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The People’s Friend - December 2, 2017

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Competitions open to UK residents only, unless otherwise stated.
7
joyful stories
Meet talented ?Friend?
illustrator Sarah Holliday
Scottish recipes for
St Andrew?s Day
Dec 2, 2017 No. 7704
�30
Unmissable fiction
Crabbie?s and Stem Ginger Parfait
with Raspberry Sorbet
? Annie Harris?s story inspired by the Coventry Carol
? A fun tale of wishful thinking by Nicola Mostyn
Haggis Bon Bon with Ginger
Beer and Beetroot
9770262238299
48
AU $4.50, NZ $4.50
UK Off-sale date - 06-Dec-2017
�30
02-Dec-2017
Make
sure your
pets have
a happy
Christmas
Stunning
Schiehallion
Perthshire?s best-loved mountain
Get your
garden
ready to
face the
winter
Free
Pattern
Inside
Knit this
cosy and
versatile
patterned
slipover
this week
Inside The People?s Friend
If you like the ?Friend?
then you?ll love...
The People?s Friend Special On sale
now!
No 149, priced �99
l 8-page murder mystery
l 14 feel-good stories
The People?s Friend Pocket
Novel No 849, priced �49
Cover Artwork: Schiehallion, Perthshire by J. Campbell Kerr.
l A medical romance set in the
Fifties by Chris Elliott
Don?t
miss our
Christmas
CD
Fiction
Regulars
Features
4 The Pageant Play
by Annie Harris
15 Three Wishes
by Nicola Mostyn
23 A Solitary Song
by Susan Sarapuk
25 SERIES Tales From
Prospect House
by Malcolm Welshman
30 SERIAL Ring Out The
Bells by Jan Snook
41 Merry And Bright
by Jacqui Cooper
47 Party At The Cat Caf�
by Suzanne Ross Jones
53 Dad?s Designers
by Susan Reynolds
56 SERIAL The Dividing
Tide by Lorna Howarth
79 Modern Man
by Christina Jones
85 WEEKLY SOAP
Riverside
by Glenda Young
7 This Week We?re Loving
13 Maddie?s World
18 Health & Wellbeing
27 Brainteasers
32 Reader Offer: Cotton
Craft Bags
35 The Farmer & His Wife
36 Cookery: celebrate
St Andrew?s Day with
our tasty selection of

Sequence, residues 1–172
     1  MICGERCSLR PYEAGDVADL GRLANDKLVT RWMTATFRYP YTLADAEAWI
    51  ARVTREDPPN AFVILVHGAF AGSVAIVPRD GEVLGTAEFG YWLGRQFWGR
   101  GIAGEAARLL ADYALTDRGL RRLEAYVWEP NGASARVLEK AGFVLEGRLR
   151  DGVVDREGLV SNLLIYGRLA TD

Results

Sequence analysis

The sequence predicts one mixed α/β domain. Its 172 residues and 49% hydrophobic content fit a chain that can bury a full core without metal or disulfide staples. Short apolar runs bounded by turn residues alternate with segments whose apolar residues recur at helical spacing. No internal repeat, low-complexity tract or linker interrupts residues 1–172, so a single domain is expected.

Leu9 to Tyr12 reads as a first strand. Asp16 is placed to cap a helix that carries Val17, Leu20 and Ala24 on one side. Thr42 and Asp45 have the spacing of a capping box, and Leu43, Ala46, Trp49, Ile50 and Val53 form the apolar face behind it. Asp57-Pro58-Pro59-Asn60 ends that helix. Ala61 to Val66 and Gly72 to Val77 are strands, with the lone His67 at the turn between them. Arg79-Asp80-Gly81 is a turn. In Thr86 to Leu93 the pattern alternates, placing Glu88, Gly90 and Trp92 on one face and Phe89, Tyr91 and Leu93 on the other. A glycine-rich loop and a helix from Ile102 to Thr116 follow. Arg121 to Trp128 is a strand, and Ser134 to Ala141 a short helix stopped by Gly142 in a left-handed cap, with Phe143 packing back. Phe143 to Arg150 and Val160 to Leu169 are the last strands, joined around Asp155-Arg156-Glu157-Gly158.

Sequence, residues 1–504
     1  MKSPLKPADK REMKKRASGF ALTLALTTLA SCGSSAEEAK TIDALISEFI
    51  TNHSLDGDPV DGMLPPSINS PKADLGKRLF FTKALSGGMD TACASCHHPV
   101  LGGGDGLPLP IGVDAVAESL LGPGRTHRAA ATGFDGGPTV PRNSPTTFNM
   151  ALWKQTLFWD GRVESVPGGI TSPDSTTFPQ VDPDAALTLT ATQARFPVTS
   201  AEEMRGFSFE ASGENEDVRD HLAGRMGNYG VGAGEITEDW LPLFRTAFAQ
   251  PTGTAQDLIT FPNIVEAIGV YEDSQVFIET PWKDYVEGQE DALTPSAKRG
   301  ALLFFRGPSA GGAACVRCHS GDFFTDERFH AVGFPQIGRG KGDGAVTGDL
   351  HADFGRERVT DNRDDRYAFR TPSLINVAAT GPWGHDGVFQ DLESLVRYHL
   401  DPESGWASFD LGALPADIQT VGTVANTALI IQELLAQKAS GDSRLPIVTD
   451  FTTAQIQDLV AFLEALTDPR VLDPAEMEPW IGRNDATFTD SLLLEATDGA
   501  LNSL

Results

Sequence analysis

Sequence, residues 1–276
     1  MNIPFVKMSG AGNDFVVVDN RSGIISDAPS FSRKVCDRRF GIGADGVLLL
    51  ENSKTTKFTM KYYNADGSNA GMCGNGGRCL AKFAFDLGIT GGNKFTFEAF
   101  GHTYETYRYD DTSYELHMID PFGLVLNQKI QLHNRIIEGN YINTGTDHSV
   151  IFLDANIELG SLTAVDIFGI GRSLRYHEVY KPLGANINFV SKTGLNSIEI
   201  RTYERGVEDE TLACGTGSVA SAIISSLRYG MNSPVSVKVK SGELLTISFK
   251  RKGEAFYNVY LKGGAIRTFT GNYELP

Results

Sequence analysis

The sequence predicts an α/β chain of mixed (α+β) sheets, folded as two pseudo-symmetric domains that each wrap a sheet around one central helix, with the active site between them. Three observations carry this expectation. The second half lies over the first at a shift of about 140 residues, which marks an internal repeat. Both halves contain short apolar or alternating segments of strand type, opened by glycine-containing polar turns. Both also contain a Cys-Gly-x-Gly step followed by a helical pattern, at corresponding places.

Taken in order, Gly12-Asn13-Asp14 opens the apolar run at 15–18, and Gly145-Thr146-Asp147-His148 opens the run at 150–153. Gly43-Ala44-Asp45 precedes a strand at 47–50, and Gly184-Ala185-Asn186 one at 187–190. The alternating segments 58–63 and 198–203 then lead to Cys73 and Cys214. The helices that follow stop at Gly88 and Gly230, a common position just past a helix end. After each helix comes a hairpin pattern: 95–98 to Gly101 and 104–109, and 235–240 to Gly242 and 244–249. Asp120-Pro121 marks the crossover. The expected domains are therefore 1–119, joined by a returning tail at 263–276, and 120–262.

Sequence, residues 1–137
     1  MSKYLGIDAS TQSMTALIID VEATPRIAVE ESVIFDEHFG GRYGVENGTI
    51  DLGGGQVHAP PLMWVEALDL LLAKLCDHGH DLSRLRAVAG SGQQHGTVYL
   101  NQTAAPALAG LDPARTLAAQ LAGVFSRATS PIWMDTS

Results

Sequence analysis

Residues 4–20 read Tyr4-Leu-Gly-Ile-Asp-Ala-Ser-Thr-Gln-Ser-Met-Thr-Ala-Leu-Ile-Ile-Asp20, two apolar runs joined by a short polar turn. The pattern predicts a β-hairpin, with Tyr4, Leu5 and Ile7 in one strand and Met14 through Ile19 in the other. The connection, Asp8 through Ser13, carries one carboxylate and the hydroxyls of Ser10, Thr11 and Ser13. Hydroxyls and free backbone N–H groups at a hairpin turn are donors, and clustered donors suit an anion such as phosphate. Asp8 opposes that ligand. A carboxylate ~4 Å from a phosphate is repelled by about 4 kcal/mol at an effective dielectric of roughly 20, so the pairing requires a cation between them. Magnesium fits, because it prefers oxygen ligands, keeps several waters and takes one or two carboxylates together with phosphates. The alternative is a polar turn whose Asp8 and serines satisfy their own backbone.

recipes
51 Our Next Issue
63 From The Manse
Window
71 Would You Believe It?
72 Reader Offer: Festive
Gifts
73 Knitting: try our
fashionable slipover in a
seasonal shade
86 Between Friends
8 Willie Shand finds
history and legends as
he climbs Schiehallion
21 We have 6 good
reasons to eat cabbage
29 John Stoa?s garden
checklist for winter
44 Barry Cashin has some
great advice for sending
parcels at Christmas
55 Your chance to win a
�0 shopping spree
65 Tips to help your pet
enjoy the festive season
66 Dianne Boardman
enjoys a taste of
Christmas past at
Cheshire?s Lyme Hall
69 Meet Sarah Holliday,
Illustrations Editor for
the ?Friend?
77 Take a look at our
round-up of great ideas
for knitters and crafters
83 Extra puzzle fun
SUBSCRIPTION OFFER ? SAVE �
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? Call 0800 318846**, quote PFCOV
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www.thepeoplesfriend.co.uk
www.facebook.com/PeoplesFriendMagazine
It?s December, which
means the festive
season is getting into
full swing ? and this
week?s issue has a
decidedly Christmassy
feel about it.
If you?re looking for an
atmospheric day out for
the whole family,
Dianne Boardman can
recommend a visit to
the Regency
celebrations at
Cheshire?s Lyme Hall on
page 66. On page 44,
Barry Cashin is full of
helpful advice about
sending and receiving
parcels in time for the
big day, and on page 65,
we have lots of hints
and tips on ensuring
that your pets have a
happy, peaceful
Christmas. My own two
feline friends love this
time of year and
enthusiastically try to
rearrange the
decorations and
?rewrap? the gifts at
every opportunity, so I
will be reading with
interest!
Finally, I must just
mention another
highlight in this issue. If
your enjoyment of
cabbage was tainted by
the over-boiled offerings
served up at school
dinners, you might want
to reconsider after
reading our brilliant
feature on page 21,
which sets out exactly
why this vegetable is so
good for us.